Rick Moran, the guy who may have to respond to the North Korean insanity is a Usurper and a criminal, just ask Sheriff Joe Arpaio and his Cold Case Posse. You should be covering this investigation day after day. Take their evidence and give it a full inspection, you will see that they have discovered some horrendous things about this President. I believe you are afraid to touch this story and shame on you. It is a slam dunk, these Arpaio investigators have been collecting and evaluating evidence for their entire lives. The document experts they gathered some of the evidence from are also men and women with unblemished and extremely professional in what they do. Again, it is a slam dunk investigation. This Usurper is the biggest National Security risk since the establishment of Home Land Security. He has the potential to become worse than Bill Ayers and Bernardine Dohrn, his dear friends of many years. We need to get him away from the Nuclear Football. This is no joke Rick Moran, and silence is a cowards way out. Our Republican candidates have sat down with Sheriff Joe Arpaio, they know the deal and they remain silent. Many members of Congress know about the evidence including the rising stars Allen West and Marco Rubio, they were HAND DELIVERED the evidence for crying out loud and they remain silent. The justices that are hearing the ballot challenges know the evidence is overwhelming and yet they keep giving this Usurper the privilege of getting on the ballot for a second time. The Conservative media has been absolutely pathetic, and that would include the folks here at Frontpage. I am shock that David Horowitz is not all over this, why isn't he??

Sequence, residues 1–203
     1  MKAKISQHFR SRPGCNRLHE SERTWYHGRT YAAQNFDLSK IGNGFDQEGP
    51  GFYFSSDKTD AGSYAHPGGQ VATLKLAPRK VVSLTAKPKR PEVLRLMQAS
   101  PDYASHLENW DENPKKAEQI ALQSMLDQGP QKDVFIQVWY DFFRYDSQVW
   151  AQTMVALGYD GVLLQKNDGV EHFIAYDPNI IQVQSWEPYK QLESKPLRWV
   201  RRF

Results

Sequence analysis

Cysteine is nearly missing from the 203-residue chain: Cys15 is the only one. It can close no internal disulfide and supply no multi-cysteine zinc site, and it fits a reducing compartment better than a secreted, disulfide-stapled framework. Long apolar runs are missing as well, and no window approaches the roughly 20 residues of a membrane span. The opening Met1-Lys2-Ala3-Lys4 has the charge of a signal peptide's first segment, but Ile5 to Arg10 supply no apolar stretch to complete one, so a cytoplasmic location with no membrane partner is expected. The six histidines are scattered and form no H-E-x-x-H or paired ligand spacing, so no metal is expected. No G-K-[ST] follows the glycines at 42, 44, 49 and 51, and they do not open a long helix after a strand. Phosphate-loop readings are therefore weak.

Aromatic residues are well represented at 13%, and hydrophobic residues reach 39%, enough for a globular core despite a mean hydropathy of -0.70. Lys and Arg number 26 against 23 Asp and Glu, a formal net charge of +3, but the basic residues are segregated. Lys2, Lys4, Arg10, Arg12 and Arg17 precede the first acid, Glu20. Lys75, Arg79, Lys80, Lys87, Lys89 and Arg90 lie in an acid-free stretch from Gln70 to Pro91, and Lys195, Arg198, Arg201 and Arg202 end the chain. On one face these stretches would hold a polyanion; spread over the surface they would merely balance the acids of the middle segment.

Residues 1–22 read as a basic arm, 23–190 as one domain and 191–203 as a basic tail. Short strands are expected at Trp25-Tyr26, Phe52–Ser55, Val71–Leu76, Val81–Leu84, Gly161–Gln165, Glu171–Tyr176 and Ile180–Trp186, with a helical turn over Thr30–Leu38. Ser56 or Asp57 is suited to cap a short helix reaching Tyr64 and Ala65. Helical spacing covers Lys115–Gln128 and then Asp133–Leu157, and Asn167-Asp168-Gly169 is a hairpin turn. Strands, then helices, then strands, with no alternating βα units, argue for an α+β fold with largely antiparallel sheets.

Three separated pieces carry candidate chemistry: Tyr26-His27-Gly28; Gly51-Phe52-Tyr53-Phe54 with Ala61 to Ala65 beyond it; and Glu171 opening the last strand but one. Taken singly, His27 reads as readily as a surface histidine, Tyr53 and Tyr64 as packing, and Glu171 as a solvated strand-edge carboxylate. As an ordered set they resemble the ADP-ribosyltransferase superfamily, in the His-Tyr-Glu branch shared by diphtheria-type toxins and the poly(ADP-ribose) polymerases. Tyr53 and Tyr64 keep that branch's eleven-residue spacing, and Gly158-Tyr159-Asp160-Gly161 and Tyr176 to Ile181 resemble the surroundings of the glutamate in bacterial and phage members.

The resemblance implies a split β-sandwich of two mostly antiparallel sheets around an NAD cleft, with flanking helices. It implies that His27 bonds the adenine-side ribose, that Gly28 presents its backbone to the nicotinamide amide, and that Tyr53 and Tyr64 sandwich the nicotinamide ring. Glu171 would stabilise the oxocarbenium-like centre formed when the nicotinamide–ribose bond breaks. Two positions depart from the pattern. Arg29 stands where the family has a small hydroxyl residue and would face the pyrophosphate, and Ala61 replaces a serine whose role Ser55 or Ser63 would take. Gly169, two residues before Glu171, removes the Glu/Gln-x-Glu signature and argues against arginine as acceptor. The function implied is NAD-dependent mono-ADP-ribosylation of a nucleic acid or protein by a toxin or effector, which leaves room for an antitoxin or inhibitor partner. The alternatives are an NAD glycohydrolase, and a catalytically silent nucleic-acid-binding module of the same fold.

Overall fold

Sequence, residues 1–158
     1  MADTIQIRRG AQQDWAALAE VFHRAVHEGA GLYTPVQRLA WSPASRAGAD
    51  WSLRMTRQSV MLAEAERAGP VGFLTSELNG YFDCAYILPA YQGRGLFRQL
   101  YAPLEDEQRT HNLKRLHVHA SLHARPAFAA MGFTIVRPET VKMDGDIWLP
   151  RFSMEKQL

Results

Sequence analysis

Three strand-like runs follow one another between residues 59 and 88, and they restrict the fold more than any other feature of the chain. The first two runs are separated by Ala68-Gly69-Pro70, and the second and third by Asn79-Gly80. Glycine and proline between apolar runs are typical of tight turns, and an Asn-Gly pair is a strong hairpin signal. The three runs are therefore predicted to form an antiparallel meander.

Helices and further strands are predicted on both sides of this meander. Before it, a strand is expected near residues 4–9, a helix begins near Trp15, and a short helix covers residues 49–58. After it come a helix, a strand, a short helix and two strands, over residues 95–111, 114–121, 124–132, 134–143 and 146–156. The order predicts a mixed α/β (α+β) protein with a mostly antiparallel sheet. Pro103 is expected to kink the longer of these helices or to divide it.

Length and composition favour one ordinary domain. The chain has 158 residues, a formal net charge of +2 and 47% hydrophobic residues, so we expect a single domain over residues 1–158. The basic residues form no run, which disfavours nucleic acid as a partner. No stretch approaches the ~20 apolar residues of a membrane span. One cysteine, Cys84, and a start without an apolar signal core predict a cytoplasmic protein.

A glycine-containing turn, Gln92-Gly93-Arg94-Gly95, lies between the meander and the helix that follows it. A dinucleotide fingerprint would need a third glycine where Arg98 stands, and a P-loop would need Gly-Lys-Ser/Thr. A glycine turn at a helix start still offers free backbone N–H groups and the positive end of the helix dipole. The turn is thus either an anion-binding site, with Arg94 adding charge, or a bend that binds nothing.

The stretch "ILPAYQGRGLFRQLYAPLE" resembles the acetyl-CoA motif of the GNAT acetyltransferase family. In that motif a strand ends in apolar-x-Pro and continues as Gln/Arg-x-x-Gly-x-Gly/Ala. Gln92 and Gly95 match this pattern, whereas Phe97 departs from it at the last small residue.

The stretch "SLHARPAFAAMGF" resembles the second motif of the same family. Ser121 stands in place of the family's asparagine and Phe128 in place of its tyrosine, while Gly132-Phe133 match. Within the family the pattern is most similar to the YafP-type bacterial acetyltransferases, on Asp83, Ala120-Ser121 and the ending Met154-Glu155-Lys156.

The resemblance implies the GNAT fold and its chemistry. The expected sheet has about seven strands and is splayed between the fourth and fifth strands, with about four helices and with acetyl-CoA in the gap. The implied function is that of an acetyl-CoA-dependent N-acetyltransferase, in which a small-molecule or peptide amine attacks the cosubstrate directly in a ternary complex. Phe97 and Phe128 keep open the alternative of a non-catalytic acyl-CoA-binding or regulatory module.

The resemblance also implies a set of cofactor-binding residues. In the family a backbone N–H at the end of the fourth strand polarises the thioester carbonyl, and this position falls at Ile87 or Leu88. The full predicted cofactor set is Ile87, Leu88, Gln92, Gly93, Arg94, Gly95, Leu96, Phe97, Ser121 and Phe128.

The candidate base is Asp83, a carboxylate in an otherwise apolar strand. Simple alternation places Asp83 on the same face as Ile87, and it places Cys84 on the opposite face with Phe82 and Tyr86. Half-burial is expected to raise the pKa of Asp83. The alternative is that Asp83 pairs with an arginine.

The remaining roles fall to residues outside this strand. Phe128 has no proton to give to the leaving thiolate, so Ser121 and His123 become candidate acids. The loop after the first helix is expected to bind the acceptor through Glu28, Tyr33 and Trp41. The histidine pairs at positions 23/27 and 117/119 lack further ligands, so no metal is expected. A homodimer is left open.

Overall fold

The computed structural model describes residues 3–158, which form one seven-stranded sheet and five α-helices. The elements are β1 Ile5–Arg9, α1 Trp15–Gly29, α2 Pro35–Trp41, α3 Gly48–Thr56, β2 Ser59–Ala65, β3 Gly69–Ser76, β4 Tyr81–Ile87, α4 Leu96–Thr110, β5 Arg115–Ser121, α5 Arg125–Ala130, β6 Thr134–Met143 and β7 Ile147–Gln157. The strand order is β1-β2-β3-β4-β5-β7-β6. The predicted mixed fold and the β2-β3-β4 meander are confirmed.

• johnnywoods